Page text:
09/20/2013 07:00 EDT | Updated 11/20/2013 05:12 EST

Vancouver Whitecaps try to refocus before facing Impact in Montreal

VANCOUVER - The Vancouver Whitecaps may have been buoyed by their performance in a goal-less draw away to the San Jose Earthquakes last weekend, but the team's coaches weren't leaving anything to chance.

Head coach Martin Rennie and his assistants were not impressed with what they saw at a practice on Wednesday, and they laid down the law before Vancouver departed for yet another must-win clash on the road to the Montreal Impact.

With six games remaining, the playoff hopes of the seventh-placed Whitecaps (10-10-8) are hanging by a thread at the moment, as the club sits five points behind fifth-placed Portland, who are scheduled to face Colorado on Friday.

"Rennie is just making sure we stay on top of our game," said Whitecaps captain Jay DeMerit. "It wasn't the best performance we've had all year but it's something we can build on and we need to make sure on the training field that it continues to stem from that.

"So I think for us it's about being hard on each other, being critical in the right ways and making sure we all stay on the same page."

Rennie felt he had to read his players the Riot Act after noticing a drop in intensity and focus from Saturday.

"I think in the last game all the players were making themselves available to get on the ball and we kept good possession because of that and everybody was lively and hungry," he said.

"And today in training it wasn't as good as we'd have liked so I was just pointing that out and reminding people what we need to get to for the weekend."

Rennie and midfielder Nigel Reo-Coker believed last weekend's match in California was their best road performance of the season but the Impact (13-8-6) will no doubt present a tougher challenge.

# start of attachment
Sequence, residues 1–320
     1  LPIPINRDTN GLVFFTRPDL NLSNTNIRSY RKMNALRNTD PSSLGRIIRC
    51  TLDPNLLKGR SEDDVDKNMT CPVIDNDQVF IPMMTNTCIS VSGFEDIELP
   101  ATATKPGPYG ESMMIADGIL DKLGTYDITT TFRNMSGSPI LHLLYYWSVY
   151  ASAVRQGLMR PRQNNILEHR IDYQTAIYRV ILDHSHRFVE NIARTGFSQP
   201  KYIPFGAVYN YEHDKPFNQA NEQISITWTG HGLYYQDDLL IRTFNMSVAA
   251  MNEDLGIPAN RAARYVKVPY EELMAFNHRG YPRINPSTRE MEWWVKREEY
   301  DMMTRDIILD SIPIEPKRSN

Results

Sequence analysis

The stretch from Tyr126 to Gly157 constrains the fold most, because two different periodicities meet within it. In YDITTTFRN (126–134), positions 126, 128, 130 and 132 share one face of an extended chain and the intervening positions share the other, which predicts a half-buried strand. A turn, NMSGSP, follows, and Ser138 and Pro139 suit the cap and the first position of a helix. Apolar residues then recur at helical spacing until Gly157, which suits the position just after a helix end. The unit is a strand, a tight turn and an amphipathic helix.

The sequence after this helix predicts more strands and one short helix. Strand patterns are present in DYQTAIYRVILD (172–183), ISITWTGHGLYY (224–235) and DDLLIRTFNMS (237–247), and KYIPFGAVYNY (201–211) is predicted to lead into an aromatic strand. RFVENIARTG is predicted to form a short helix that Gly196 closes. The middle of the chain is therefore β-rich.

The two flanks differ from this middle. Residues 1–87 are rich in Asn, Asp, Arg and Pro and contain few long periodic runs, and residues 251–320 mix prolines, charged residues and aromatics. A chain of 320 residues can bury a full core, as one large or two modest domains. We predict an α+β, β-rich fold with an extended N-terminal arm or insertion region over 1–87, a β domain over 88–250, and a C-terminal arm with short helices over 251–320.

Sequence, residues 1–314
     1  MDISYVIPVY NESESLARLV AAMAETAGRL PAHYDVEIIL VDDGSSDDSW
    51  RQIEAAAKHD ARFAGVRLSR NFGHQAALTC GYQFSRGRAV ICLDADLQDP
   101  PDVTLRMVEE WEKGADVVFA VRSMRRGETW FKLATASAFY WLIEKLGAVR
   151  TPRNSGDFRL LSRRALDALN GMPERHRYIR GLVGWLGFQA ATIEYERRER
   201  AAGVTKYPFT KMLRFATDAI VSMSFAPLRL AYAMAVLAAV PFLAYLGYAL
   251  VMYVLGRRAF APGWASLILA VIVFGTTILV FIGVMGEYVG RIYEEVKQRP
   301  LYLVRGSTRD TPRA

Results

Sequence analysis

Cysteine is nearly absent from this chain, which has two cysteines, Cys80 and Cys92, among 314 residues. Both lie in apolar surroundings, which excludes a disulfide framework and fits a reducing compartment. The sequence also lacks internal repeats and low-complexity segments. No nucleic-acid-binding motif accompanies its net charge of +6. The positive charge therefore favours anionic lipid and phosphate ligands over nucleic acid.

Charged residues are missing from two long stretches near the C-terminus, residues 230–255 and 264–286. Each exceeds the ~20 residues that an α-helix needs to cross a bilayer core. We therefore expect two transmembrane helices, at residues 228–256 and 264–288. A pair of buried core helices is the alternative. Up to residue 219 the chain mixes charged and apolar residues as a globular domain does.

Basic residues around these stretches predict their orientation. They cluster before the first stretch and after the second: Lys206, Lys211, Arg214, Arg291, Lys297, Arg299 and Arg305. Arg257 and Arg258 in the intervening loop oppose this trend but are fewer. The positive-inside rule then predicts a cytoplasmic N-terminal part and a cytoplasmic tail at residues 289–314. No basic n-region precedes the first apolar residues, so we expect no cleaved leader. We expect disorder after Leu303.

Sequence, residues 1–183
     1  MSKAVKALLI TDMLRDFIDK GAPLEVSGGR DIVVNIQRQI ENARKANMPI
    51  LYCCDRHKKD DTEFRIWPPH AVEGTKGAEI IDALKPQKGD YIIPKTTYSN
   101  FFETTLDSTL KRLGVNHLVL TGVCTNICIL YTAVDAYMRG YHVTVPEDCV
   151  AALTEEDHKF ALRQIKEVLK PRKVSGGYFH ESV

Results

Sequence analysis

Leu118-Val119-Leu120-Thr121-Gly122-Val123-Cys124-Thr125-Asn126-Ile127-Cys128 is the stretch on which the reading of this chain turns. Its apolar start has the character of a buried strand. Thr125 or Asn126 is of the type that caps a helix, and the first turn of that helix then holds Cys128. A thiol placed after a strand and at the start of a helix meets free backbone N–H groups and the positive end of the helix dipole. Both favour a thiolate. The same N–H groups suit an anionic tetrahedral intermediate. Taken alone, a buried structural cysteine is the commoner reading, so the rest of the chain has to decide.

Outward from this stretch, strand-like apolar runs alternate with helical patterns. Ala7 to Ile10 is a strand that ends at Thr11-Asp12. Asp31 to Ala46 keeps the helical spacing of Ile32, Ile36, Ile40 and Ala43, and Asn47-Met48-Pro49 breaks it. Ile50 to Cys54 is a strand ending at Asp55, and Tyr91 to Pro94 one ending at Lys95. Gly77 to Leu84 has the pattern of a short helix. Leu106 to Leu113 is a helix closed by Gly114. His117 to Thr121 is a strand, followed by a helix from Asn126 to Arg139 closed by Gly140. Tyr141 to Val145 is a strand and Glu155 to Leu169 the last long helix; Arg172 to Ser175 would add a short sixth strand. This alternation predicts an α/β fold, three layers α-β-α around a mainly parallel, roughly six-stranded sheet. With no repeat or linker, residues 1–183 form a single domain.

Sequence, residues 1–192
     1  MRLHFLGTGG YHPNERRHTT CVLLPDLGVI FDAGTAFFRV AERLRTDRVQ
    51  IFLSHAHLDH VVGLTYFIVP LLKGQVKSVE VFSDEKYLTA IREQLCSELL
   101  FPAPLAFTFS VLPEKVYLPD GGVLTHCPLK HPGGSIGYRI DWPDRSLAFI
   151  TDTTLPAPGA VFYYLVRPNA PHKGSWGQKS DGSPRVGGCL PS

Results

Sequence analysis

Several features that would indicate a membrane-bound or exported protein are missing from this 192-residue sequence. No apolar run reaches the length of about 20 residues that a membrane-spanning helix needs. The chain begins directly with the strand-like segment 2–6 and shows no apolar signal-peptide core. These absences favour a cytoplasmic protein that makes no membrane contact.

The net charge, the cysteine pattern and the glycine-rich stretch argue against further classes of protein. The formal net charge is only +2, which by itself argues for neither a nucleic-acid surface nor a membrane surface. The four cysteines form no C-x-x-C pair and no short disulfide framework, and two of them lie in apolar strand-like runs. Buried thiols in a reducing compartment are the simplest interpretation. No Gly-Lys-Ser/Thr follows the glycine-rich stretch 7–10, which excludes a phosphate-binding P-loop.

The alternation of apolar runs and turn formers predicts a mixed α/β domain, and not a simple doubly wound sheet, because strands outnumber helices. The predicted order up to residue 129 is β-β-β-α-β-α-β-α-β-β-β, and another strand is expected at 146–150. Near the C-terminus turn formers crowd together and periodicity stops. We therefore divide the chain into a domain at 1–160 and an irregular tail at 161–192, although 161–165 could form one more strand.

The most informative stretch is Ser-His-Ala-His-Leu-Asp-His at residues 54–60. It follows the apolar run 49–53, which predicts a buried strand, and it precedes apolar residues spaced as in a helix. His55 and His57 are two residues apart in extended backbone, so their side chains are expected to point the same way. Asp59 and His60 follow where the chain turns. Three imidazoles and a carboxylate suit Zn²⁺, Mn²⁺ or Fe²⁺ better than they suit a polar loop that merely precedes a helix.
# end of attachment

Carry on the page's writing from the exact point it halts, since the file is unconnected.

Montreal, second in the Eastern Conference, have had no trouble finding the back of the net at Stade Saputo this season, amassing a league-high 29 goals on home turf.

Marco Schallibaum's outfit had recorded three wins (two of them emphatic 5-0 and 4-2 wins over Houston and New England respectively) and a draw before falling 2-1 to lowly Columbus last weekend. The Impact then lost 3-0 away to San Jose in the CONCACAF Champions League on Tuesday night.

Italian striker Marco Di Vaio was deadly in that five-game MLS span, scoring seven goals to lift his season tally to a league-best 18.

Luckily for the Whitecaps, Rennie — perhaps for the first time since the beginning of a season — finally has a range of options in central defence to choose from now that DeMerit has returned to game action and Andy O'Brien (back) and Johnny Leveron (calf) are both available.

DeMerit was forced into last weekend's game after 31 minutes when Brad Rusin went down with an ankle injury and he partnered up with Carlyle Mitchell.

It was DeMerit's first appearance since suffering an Achilles injury early in the opening game of the season against Toronto FC on March 2.

Although Rennie said it would take a "team effort" to stop Di Vaio, he was nonetheless excited about having more resources at his disposal.

"Maybe we can play all four of them in centre back," he joked.

"This season we've really had a hard time with our centre-backs getting hurt so the fact that we have a little bit of competition in a position is nice and I think it can be important because if you keep struggling through that, then it's a hard thing.

"A lot of people probably don't realize how much of a foundation the centre-backs are to any team and we have not had a consistent partnership there but I think in the last game Jay and Carlyle Mitchell did very well."

Rennie has had no injury issues up front in recent times, but the lack of goals from Kenny Miller and Camilo is starting to hurt the team's playoff hopes.

The pair have not scored since the 2-0 win over San Jose at BC Place on August 10, which was Vancouver's last win.

Miller says he isn't fazed by the dry spell engulfing him and his Brazilian teammate, but hinted a little help from the rest of the team would be welcome.

"Sometimes with strike partnerships they kind of dovetail and maybe one guy might not be scoring but the other guy does," said Miller. "And when the other guy dries up the other guy can pick the baton up, but unfortunately for us it's not quite working that way.

"But it's a team game, we defend as a team, we attack as a team and if the strikers aren't getting goals, it's up to other lads to come in and chip in with a few."